475 F3d 162 Washington v. J Sobina

475 F.3d 162

Richard A. WASHINGTON, Appellant
Raymond J. SOBINA, Superintendent; The District Attorney of the County of Philadelphia; The Attorney General of the State of Pennsylvania.

No. 05-4599.

United States Court of Appeals, Third Circuit.

Submitted For Possible Summary Action Under Third Circuit LAR 27.4 and I.O.P. 10.6 August 31, 2006.

Filed January 11, 2007.

Richard A. Washington, Somerset, PA, pro se.

Thomas W. Dolgenos, Office of District Attorney, Philadelphia, PA, for Raymond J. Sobina.

Before BARRY, SMITH and NYGAARD, Circuit Judges.



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This appeal raises the question of whether a claim alleging the denial of the Sixth Amendment right to a speedy trial is waived upon entry of a guilty plea. We agree with several of our sister courts of appeal and hold that a speedy trial issue is non-jurisdictional and is therefore waived by an unconditional guilty plea.



In 1995, Richard Washington was arrested and charged on several counts relating to the kidnaping of Asha Woodall and the murder of Anthony Carney in Philadelphia County. The first trial ended in a mistrial. At his second trial in 1998, Washington was convicted by a jury of criminal conspiracy, possession of an instrument of crime, and robbery of a vehicle. He was found not guilty of first degree murder and other charges. The jury was unable to reach a verdict on the kidnaping and lesser degree of murder charges. Washington was sentenced to a cumulative term of five to ten years imprisonment on the three counts of conviction.


While awaiting retrial on the kidnapping and murder charges, Washington filed petitions in both the Pennsylvania Superior Court and the Pennsylvania Supreme Court alleging violations of his state and constitutional rights to a speedy trial. Both petitions were denied. In September 2002, Washington filed a petition for a writ of habeas corpus pursuant to 28 U.S.C. § 2254 in the District Court for the Eastern District of Pennsylvania, alleging denial of his Sixth Amendment right to a speedy trial and his due process right to a speedy appeal.2 Meanwhile, in 2003 Washington's third trial on the murder and kidnaping charges ended in a hung jury.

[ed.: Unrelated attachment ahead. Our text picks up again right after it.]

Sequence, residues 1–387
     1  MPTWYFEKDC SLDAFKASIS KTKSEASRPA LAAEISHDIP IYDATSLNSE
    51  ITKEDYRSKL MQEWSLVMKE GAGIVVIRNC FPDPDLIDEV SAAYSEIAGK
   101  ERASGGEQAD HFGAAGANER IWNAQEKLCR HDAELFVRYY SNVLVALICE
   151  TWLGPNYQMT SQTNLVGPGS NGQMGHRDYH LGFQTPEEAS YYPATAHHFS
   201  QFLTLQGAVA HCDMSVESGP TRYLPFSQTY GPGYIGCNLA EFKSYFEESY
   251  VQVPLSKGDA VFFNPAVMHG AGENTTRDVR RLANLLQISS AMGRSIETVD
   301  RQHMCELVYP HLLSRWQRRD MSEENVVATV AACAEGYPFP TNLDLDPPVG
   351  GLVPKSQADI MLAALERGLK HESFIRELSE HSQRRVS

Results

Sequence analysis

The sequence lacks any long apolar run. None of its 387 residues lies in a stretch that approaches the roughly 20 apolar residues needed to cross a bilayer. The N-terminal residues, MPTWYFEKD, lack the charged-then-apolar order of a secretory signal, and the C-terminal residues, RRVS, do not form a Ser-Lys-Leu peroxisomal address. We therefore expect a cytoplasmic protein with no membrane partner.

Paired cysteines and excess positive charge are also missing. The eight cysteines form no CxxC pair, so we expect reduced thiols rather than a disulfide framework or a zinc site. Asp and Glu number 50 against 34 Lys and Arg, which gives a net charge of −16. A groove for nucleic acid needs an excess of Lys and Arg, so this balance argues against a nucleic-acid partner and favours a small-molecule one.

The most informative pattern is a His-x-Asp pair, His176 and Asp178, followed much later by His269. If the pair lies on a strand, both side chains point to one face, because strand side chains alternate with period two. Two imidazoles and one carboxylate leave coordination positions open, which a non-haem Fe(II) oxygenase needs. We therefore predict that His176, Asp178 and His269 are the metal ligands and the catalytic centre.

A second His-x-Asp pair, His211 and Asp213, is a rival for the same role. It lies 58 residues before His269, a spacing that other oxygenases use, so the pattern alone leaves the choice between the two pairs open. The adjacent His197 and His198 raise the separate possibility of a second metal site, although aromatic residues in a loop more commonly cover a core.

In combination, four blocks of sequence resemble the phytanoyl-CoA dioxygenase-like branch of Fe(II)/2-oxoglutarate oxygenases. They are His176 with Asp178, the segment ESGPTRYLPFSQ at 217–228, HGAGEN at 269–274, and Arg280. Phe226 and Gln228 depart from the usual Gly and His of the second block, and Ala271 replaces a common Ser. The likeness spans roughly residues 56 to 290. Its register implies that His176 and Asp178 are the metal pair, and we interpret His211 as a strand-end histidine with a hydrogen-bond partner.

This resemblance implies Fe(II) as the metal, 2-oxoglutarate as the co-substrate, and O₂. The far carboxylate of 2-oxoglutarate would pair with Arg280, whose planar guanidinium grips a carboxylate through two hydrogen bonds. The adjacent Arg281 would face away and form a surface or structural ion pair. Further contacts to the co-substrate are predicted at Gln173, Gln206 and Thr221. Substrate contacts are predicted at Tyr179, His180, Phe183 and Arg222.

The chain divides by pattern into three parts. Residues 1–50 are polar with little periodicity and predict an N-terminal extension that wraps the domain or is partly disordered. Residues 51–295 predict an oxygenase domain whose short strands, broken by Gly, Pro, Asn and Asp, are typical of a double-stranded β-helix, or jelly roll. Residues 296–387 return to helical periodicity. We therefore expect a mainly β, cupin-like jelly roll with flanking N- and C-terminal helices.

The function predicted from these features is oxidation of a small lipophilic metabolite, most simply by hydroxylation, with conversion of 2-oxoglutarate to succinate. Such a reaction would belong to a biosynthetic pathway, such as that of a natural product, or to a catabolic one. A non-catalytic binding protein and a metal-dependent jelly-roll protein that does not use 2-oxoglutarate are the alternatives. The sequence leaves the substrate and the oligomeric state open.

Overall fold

In 2005, the District Court granted the writ on the speedy appeal claim conditioned upon the Pennsylvania Superior Court deciding Washington's direct appeal. On the speedy trial claim, the court denied the writ but granted a certificate of appealability pursuant to 28 U.S.C. § 2253(c). Washington v. Sobina, 387 F.Supp.2d 460, 478 (E.D.Pa.2005). The Commonwealth appealed the conditional grant of partial relief, Washington v. Sobina, 2007 WL 64065, and Washington filed the instant cross-appeal of the denial of his speedy trial claim.3


During the pendency of this appeal, Washington pled guilty to kidnaping and third degree murder, and was sentenced to an aggregate term of seven and a half to 20 years imprisonment to run concurrently with the sentence previously imposed. The Commonwealth filed a motion to summarily dismiss the appeal as moot. Washington filed a response in opposition.


We have jurisdiction under 28 U.S.C. § 1291. We may take summary action only if there is no substantial question presented or if a subsequent precedent or change in circumstances warrants such action. Third Circuit Internal Operating Procedure 10.6.



It is well established that a criminal defendant's unconditional, knowing and voluntary plea of guilty waives all non-jurisdictional issues. Woodward v. United States, 426 F.2d 959, 964 (3d Cir.1970); Abram v. United States, 398 F.2d 350 (3d Cir.1968); see also Doggett v. United States, 505 U.S. 647, 658 n. 3, 112 S.Ct. 2686, 120 L.Ed.2d 520 (1992) (finding no waiver where defendant preserved right to appeal). "A guilty plea . . . renders irrelevant those constitutional violations not logically inconsistent with the valid establishment of factual guilt and which do not stand in the way of conviction if factual guilt is validly established." Menna v. New York, 423 U.S. 61, 62 n. 2, 96 S.Ct. 241, 46 L.Ed.2d 195 (1975). This includes "many of the most fundamental protections afforded by the Constitution," United States v. Mezzanatto, 513 U.S. 196, 201, 115 S.Ct. 797, 130 L.Ed.2d 697 (1995), such as the right to a jury trial, the right to confront and cross-examine witnesses, and the right against self-incrimination, United States v. Khattak, 273 F.3d 557, 561 (3d Cir.2001) (quoting Boykin v. Alabama, 395 U.S. 238, 243, 89 S.Ct. 1709, 23 L.Ed.2d 274 (1969)).